Chapter Four - Outcome Performance > Outcome One: Command of Operations > page 2 of 8
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Outcome One: Command of Operations

Performance Summary

Throughout 2004-05, the ADF continued to conduct military campaigns and operations and met the emergency and non-emergency support as required by the Government and in line with the Australian community's expectations. Overseas deployments and various joint and combined exercises involving the three Services and allied or regional military forces were conducted. Each of these activities proceeded generally as forecast in the Portfolio Budget Statements 2004-05.

The ADF continued its commitment to Australia's whole-of-government effort to assist in the rehabilitation of Iraq under Operation Catalyst. In Iraq, the ADF maintained ground forces, military staff officers embedded in coalition headquarters and the Iraqi Ministry of Defence, and training teams undertaking training tasks to assist in the establishment of Iraqi military forces. In the Arabian Gulf, the ADF maintained a frigate continuously on operations and, from April 2005, the commander and headquarters staff for Combined Task Force 58 (CTF 58). With ten ships under control, CTF 58 provided maritime security for Iraq's only two Gulf oil terminals. P-3 Orion and C-130 Hercules aircraft and support crews were maintained in the area of operations providing dedicated national and coalition support throughout the Middle East Area of Operations. Concurrently, the ADF has maintained a small commitment in the area of operations under Operation Slipper as part of Australia's contribution to the United States-led operation against international terrorism. This commitment included the frigate and P-3 Orion platforms and crews being assigned to both operations.

The ADF contribution to the United Nation's peacekeeping commitment to Eritrea under the Operation Pomelo ceased in June 2005. Support to the United Nations in Israel, Lebanon and Syria under Operation Paladin continued throughout the year. Operations in support of the Multi National Force of Observers in the Sinai under Operation Mazurka continued throughout the year. A new operation in support of the United Nations in the Sudan was mounted in May 2005. This small commitment under Operation Azure was historic, as it is the first operational deployment to be commanded by a female member of the ADF.

In Australia's immediate region, Operation Spire ceased in Timor-Leste in May 2005 with the expiry of the United Nations Peacekeeping Mandate. A new operation named Chiron, the ADF's contribution to the United Nations political follow-on mission in Timor-Leste, consists of three military advisers and no security forces. Operation Anode is the ADF's continuing contribution to the Regional Assistance Mission Solomon Islands. A small combined ADF and regional military force remained in the Solomon Islands in support of the ongoing police-led activities. Operation Gateway continued as a maritime surveillance operation. Operation Solania saw the ADF fly surveillance patrols in support of the Pacific Islands Forum Fisheries Agency member states.

The ADF achieved the range of peacetime national tasks directed by the Government, predominantly through Operation Relex II, the conduct of air and surface patrols across Australia's northern approaches to deter unauthorised boat arrivals. The ADF continued to work cooperatively with Coastwatch in meeting the requirements of the national civil surveillance program. ADF contributions were conducted under Operations Relex II and Cranberry.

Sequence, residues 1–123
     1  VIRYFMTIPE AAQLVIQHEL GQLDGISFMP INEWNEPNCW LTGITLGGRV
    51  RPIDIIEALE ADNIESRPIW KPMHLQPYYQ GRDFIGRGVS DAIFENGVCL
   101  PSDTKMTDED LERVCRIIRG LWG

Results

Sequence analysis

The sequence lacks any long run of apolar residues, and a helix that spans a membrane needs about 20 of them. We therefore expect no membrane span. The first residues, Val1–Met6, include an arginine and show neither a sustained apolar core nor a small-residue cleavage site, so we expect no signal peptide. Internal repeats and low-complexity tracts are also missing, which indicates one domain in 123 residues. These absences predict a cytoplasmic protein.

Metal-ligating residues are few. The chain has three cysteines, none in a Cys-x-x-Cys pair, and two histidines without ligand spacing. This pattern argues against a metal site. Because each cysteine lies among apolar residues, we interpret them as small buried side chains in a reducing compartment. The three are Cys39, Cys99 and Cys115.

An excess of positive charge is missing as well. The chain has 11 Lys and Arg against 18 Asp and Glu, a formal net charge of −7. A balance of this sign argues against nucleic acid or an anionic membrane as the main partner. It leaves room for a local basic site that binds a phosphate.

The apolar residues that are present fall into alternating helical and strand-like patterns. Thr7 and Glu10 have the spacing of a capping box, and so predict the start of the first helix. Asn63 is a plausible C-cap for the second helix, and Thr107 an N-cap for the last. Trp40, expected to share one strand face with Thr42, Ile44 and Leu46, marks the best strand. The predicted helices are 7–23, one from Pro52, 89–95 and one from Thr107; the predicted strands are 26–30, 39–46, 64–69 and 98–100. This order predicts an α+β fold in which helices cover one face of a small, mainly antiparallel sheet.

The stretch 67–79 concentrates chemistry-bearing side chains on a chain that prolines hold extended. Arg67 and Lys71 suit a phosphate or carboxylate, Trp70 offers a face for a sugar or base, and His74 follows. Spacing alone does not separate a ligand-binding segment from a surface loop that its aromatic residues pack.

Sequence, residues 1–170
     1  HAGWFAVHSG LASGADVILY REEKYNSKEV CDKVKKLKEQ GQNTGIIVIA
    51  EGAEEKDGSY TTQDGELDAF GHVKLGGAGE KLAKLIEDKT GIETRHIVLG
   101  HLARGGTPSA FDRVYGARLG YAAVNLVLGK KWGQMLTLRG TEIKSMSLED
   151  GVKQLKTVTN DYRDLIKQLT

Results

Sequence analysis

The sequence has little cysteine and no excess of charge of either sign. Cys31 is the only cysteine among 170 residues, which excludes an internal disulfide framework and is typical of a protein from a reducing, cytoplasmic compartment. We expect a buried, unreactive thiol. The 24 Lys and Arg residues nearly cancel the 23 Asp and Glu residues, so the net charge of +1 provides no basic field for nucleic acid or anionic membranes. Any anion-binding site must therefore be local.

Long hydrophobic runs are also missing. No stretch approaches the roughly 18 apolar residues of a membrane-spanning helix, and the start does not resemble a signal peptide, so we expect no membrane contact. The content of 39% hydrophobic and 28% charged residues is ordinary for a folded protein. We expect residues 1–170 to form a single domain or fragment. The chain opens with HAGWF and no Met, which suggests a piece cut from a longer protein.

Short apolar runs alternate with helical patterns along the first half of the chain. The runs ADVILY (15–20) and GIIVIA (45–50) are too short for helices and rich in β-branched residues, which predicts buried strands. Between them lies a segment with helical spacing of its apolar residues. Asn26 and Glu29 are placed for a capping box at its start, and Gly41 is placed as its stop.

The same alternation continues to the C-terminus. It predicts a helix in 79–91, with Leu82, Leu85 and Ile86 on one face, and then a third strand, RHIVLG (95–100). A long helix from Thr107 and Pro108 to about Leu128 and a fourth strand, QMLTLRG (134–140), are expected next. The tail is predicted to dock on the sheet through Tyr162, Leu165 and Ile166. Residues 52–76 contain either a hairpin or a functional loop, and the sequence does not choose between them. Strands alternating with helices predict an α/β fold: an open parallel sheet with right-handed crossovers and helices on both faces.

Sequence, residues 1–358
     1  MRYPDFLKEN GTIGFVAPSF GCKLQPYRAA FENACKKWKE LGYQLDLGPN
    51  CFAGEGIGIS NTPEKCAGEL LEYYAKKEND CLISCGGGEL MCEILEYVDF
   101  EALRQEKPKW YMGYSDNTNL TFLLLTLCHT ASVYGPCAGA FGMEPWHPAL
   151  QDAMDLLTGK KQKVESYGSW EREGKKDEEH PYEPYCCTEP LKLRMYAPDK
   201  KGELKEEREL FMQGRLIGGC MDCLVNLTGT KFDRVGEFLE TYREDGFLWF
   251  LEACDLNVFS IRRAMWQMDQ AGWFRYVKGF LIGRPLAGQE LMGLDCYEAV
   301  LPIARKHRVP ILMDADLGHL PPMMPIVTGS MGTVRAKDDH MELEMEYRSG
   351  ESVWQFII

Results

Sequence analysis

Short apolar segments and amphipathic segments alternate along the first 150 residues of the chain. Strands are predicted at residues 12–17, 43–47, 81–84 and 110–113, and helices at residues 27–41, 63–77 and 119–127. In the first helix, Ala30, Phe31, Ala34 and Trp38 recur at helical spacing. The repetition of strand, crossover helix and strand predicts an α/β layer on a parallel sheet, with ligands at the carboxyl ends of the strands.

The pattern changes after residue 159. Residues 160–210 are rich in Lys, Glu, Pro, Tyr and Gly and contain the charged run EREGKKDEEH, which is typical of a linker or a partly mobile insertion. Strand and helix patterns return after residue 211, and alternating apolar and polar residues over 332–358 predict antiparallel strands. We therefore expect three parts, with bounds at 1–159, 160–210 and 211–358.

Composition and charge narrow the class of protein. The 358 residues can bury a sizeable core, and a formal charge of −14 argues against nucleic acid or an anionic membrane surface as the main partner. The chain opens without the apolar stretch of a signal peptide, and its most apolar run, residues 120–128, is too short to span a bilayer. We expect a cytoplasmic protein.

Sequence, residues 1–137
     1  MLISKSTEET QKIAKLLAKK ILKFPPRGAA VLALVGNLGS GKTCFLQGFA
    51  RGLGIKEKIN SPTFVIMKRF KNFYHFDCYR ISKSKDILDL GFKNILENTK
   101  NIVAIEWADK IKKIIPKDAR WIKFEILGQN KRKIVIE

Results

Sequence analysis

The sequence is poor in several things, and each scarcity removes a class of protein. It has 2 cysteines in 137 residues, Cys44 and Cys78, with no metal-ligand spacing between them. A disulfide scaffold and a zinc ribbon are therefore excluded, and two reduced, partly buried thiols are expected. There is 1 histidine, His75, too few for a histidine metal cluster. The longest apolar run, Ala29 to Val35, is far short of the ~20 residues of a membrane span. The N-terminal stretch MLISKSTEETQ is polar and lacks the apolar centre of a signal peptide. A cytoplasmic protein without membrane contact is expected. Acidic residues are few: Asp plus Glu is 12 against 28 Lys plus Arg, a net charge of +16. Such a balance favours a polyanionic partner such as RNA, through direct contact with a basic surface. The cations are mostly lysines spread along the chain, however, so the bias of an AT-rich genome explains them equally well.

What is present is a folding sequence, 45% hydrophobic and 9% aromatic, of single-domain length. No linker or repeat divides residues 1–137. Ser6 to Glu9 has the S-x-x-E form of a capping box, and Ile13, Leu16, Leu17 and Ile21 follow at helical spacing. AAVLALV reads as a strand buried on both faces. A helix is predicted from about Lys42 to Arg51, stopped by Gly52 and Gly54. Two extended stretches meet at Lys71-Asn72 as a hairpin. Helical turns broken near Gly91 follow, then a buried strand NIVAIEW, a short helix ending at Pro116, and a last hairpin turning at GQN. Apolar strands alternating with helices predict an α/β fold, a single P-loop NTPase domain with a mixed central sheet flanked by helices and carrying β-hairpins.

Following the devastating South-East Asian tsunami on Boxing Day 2004, the ADF mounted Operation Sumatra Assist to provide disaster relief in the Banda Aceh region of Indonesia. At its height, aircraft, ships, vehicles, a hospital and more than 1,000 personnel were deployed within Sumatra, in Jakarta, and in a logistics support base established at Butterworth in Malaysia. The separate, but related, Operation Thai Assist was mounted concurrently to provide linguist support to Australian Federal Police operating in Thailand. Following a large earthquake in the same region in late March 2005, Operation Sumatra Assist Phase II was mounted. This operation was focused on the island of Nias. During this second phase of Operation Sumatra Assist, one of the Sea King helicopters embarked in HMAS Kanimbla crashed on Nias, killing nine of the 11 ADF personnel on board. Operations in Sumatra concluded at the end of April 2005.

Other operations and activities conducted by the ADF throughout the year were:

  • Operation Nauru Assist in April 2005 provided an explosive ordnance demolition team to dispose of World War II-era unexploded ordnance.
  • Operation Caber in February 2005 provided support to the Edinburgh Military Tattoo in Australia, held in Sydney.
  • Operation Valient in October and November 2004 provided ADF assistance in the training of Republic of Fiji Military Force troops deploying to Iraq in support of the United Nations.
  • Operation Acolyte commenced in January 2005 to provide ADF support to the Commonwealth Games in Melbourne 2006.

The ADF also provided support to the team led by the Department of Foreign Affairs and Trade for the recovery of Mr Douglas Wood from captivity as a hostage in Iraq.

Mitigation of Key Risks

The concerns arising from concurrent operations have been closely monitored and were subject to periodic strategic-level reviews. Monthly preparedness assessment complements these reviews and, where indicated, remediation priorities have been made. Joint Operations Command continues to operate with dispersed components but has met performance targets. The Program of Major Service Activities has been subject to a comprehensive review and many important interoperability issues were addressed in Exercise Talisman Sabre 05.

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